Reviewed by Colin Jacobson (May 7, 2008)
Every TV star wants to turn into a movie icon. Desperate Housewives’ Eva Longoria Parker becomes the latest to attempt that leap with 2008’s Over Her Dead Body. Parker plays Kate, a babe who dies on her wedding day after an ice sculpture lands on her.
Understandably, this leaves Kate’s fiancé Henry (Paul Rudd) bummed, and even a year after her demise, he finds it tough to move on. His sister Chloe (Lindsay Sloane) drags him to a psychic named Ashley (Lake Bell) in the hope that they can contact Kate’s spirit. This doesn’t seem to work, so Chloe convinces Ashley to fake it in an attempt to get Henry back into the social world.
It turns out that these efforts do bring Kate back to the world, albeit in ghostly form. She thinks she needs to deal with unfinished business, and she feels she must “save” Henry. She interprets this to mean that she should keep him from dating. When Henry and Ashley become a romantic item, this sets off Kate and she works hard to prevent their love connection. Body follows Kate’s efforts, with an emphasis on the battle of wills between her and Ashley.
Why do I bother to watch chick flicks since I so rarely like them? I guess I feel some sense of duty to the site; I don’t want all our reviews to be the same old, same old, so it’s good to bring some cinematic diversity to things.
Plus, there’s always that chance I just might dig what I see. No, this doesn’t happen often, but it’s not unprecedented. For instance, I always really liked Pretty Woman, and a few other chick flicks give me decent entertainment.
I admit that I went into Body with extremely low expectations – and a generally negative attitude. As I recall, the film got weak reviews, and it certainly tanked at the box office; it took in a pathetic $7 million in the US. I saw no reason to believe Body would be any better than a sister chick flick like the atrocious PS I Love You.
To my shock, I actually enjoyed much of what I saw in Body. The movie boasts a looseness that serves it well. Much more comedic than most films in this XX-chromosome genre, it demonstrates a lively attitude that throws out plenty of good gags. Sure, it steals a lot of its concept from Ghost, but it manages to create more than a few funny moments and rarely becomes as sappy as one might expect.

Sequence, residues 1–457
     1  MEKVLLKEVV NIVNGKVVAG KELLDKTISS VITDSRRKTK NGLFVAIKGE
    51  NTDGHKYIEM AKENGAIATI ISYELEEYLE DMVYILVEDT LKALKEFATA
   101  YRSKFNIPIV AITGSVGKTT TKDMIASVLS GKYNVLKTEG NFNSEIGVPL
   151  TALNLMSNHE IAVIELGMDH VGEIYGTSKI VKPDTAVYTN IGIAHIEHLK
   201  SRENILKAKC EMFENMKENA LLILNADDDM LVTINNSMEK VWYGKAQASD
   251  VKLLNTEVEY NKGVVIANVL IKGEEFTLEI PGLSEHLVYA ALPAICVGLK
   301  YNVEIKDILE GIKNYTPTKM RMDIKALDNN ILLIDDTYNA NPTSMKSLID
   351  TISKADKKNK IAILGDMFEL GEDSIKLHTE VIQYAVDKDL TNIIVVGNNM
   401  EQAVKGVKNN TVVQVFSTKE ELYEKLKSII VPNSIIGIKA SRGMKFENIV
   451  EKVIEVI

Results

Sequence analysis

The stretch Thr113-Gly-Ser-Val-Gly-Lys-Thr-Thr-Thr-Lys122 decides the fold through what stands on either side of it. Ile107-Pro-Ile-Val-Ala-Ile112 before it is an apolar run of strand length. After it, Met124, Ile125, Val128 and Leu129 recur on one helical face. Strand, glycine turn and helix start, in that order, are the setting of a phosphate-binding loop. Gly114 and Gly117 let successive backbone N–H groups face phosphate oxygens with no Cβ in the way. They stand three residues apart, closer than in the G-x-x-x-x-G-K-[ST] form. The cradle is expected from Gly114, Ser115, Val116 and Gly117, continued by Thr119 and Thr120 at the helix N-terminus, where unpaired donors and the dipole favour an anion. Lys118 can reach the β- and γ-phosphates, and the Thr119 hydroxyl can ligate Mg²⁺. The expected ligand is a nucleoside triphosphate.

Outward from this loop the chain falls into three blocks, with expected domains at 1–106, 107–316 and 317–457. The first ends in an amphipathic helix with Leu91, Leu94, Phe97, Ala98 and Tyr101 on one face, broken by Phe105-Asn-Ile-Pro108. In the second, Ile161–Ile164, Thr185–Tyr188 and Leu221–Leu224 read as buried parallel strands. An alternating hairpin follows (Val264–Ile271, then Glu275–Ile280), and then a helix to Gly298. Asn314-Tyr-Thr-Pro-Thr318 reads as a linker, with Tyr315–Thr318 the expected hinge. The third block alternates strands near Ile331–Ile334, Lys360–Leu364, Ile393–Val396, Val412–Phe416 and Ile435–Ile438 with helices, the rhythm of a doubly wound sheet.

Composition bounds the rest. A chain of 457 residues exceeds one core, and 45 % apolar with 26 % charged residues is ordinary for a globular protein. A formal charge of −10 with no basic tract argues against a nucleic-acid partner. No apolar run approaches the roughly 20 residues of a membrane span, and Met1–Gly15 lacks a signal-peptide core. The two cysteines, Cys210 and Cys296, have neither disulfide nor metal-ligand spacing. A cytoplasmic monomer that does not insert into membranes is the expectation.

The presence of a quality cast helps. I do think Body is an odd choice for Parker as an attempt to become a movie star, though. For one, Kate really exists as a supporting character. Ashley is the true lead, while Kate operates more to motivate the plot. Heck, after the flick’s opening, she goes missing for more than 20 minutes, which seems like an awfully long stretch to lose the lead. Parker is the star in name only, as Kate isn’t a lead role.
Kate is also a bad choice as a potential “breakout” role because she’s so darned unlikable through so much of the film. When we meet her on her wedding day, we immediately classify her as pushy and high maintenance. Man, as soon as I saw the napkins folded to look like swans, I knew that Kate would be a negative character; anyone who needs such an overdone wedding is bad news, and nothing we see after that changes this impression. She’s a pampered baby who cares about no one but herself.
That’s the part Parker wants to use to become a movie star? I think it’s also an enormous stretch to imagine Kate and Henry as a couple, at least as played here. She’s a Type-A bitch, basically, while he’s laid-back and sarcastic. Sorry – I just don’t accept that they’d be in love with each other.
I’m not sure why the filmmakers felt they needed to make Kate such an irritating character. The decision doesn’t help the movie, and it’s not necessary. She could be likable but misguided in her quest; she doesn’t have to be so annoying.
Despite that misstep, Parker manages to find some humor in her role. Indeed, she seems to delight in Kate’s bitchiness. Her best scenes come from those in which she torments Ashley. Parker does less well when the movie requires emotion from her toward the end, but she succeeds in the comedic parts.
Bell and Rudd account for the main reason the movie entertains, though. I used to dislike Rudd, probably because I so hated the simpy character he played during the last few seasons of Friends. (I liked the series – I just couldn’t stand his character.) Over the last few years, however, he’s become a consistently entertaining actor who enlivens the flicks in which he appears. Rudd does this for Body, as he brings his good comic chops to a role that otherwise could be almost as irritating as Kate.
Even better, Bell proves to be an absolute delight as Ashley. I don’t think I’d heard of her before this film, but I think she does really well. She’s not traditionally beautiful; as harsh as this may sound, she actually looks a bit like Sandra Bernhard. However, she possesses a lot of sex appeal, probably because she has a killer body. Parker’s prettier, but Bell’s physique easily wins that contest.
And Bell offers a great comedic presence. The psychic/caterer could – and probably should - have been a dopey one-note part, but Bell adds real personality to Ashley. We immediately accept Ashley and Henry as a couple – and virtually every guy in the audience will immediate fall for her as well. She turns in an excellent piece of acting in a part that would’ve made her a star if anyone had seen the movie.
When Body turns emotional and serious during its third act, it tends to sputter. However, I don’t fault it for those slower parts, especially since they need to exist in terms of plot. Besides, the rest of the movie entertains enough to compensate for a short stretch of less enjoyable material. Body won’t qualify as a classic, but it does become a very pleasant surprise.